Air Canada (AC – ACA) began life as Trans Canada Airlines in 1937. It operated under that name (in English) until 1965, when the carrier adopted its French name “Air Canada” as its identity as the flag carrier for our neighbor to the north. The change of name was reflected in new livery for the aircraft, new corporate logos and extensive uniform changes.  Over the years, Air Canada and Canadian (Canadien) Pacific Air Lines were the major competitors for air travel by Canadians. Smaller carriers, such as Nordair, Quebecair, Pacific Western Airlines and Eastern Provincial Airways were merged into one or the other of the big two carriers. It was during this period that Canadian Pacific Air Lines became Canadian (ien) Airlines. In 2000, Air Canada acquired Canadian Airlines, thus removing its biggest competitor.

In 2019, Air Canada received approval to purchase Transat A. T., which was the parent company of Air Transat. It’s anyone’s guess as to how large Air Canada will grow.

Future (several) articles will cover other Canadian airline companies. I was stationed at Dorval Airport (CYUL) for eight years and that was where I began collecting.

Wing and cap badge for Trans Canada Air Lines

TCA flight engineer wing. An “E” replaces the “speedbird” at the center of the wing. The navigator’s wing had an “N” at the center.

TCA cap with badge

Bullion TCA wing and cap badge circa 1949 during a “tiff” with BOAC when the “speedbird” was removed from the uniforms. The metal TCA insignia with the “speedbird” returned and were used untll 1965, when Air Canada became the new name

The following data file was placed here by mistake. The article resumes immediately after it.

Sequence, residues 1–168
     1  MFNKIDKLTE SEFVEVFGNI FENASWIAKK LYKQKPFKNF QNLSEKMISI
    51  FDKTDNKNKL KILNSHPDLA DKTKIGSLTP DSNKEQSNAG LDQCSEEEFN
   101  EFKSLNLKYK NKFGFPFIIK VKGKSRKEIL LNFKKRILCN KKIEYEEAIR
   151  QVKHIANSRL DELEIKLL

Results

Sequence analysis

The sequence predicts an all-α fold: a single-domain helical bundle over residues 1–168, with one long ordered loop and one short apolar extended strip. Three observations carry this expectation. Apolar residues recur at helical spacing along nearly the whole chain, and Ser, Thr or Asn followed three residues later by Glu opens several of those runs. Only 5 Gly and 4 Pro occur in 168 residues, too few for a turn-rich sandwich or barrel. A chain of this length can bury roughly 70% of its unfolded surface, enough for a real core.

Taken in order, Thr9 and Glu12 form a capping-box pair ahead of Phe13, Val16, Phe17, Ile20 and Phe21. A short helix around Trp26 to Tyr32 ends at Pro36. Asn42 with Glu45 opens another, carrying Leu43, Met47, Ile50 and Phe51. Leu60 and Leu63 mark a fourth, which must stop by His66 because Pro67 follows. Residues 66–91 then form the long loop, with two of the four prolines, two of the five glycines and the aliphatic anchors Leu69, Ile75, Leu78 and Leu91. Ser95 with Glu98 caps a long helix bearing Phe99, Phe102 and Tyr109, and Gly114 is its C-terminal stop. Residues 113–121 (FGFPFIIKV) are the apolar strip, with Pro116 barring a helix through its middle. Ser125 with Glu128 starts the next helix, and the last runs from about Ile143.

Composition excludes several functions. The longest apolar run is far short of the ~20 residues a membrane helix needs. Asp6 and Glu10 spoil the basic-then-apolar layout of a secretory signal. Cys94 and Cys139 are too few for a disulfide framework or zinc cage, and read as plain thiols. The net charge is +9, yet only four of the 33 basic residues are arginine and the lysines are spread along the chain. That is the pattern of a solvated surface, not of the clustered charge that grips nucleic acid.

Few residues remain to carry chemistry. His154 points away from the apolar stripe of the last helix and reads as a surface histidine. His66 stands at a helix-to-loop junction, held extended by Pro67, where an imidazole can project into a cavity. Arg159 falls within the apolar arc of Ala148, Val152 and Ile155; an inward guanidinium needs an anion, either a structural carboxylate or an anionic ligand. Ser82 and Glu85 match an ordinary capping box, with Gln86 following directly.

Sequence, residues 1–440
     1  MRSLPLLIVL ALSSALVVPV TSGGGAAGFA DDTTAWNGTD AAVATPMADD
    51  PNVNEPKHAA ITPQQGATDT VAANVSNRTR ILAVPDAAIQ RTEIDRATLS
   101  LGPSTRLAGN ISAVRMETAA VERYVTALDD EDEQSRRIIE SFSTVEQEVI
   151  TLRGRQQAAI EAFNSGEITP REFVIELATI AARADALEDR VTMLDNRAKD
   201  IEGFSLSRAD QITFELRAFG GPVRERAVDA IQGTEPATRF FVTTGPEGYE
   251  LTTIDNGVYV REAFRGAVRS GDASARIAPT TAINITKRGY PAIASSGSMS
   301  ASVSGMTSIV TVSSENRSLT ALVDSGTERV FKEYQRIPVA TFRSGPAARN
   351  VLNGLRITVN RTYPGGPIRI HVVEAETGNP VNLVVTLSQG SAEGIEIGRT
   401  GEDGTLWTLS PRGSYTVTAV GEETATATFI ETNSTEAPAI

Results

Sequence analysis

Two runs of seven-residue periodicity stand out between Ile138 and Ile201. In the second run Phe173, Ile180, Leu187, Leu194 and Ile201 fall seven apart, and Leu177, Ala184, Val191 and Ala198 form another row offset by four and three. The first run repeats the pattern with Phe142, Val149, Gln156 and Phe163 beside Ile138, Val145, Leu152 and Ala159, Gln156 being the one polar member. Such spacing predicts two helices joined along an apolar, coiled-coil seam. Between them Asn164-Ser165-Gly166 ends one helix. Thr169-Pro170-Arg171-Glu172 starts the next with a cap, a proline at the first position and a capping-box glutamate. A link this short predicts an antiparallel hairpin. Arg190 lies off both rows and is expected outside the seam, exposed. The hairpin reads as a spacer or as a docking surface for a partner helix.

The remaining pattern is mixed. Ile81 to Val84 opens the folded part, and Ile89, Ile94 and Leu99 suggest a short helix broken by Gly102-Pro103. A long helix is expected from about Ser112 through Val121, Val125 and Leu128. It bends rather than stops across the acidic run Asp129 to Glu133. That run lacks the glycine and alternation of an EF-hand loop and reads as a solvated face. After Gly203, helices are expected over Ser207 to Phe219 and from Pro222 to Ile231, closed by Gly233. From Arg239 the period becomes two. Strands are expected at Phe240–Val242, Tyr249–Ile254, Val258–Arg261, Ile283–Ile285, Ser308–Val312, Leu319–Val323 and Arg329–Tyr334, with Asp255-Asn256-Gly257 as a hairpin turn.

Air Canada’s first insignia. The cap badge was short lived, but the wing is a mystery to me and other collectors. The wing had various colors behind the maple leaf. I have seen blue, yellow, white, red and green (or turquoise) enamel. Whether these colors represented crew members’ home base or job  classification has not been determined. Air Canada pioneers and the wing manufacturer hav been unable to answer the question. Any information would be greatly appreciated

More colorful cap badge and squared off wing in metal and bullion. These were used in the 1960s and I have seen white behind the maple leaf of the cap badge which might be related to the color issue with the former wing insignia. All pilot ratings wore the same style wing

New wings of the 1980s indicated the rating of the pilots. Captains had three stars over the center disc, which was surrounded with leaves.  First Offices had leaves around the disc, but no stars. Second officers had a plain disc

The current style wing has the disc in red with the maple leaf in brass metal color. With only two flight crew, the F.O has a plain disc and the Captain has a wreath around the disc. I understand that the new cap badge has the maple leaf and circle in gold bullion thread, but the scroll with “Air Canada” has been deleted. A plan to have “AIR CANADA” in gold bullion at the front of the chin strap was not adopted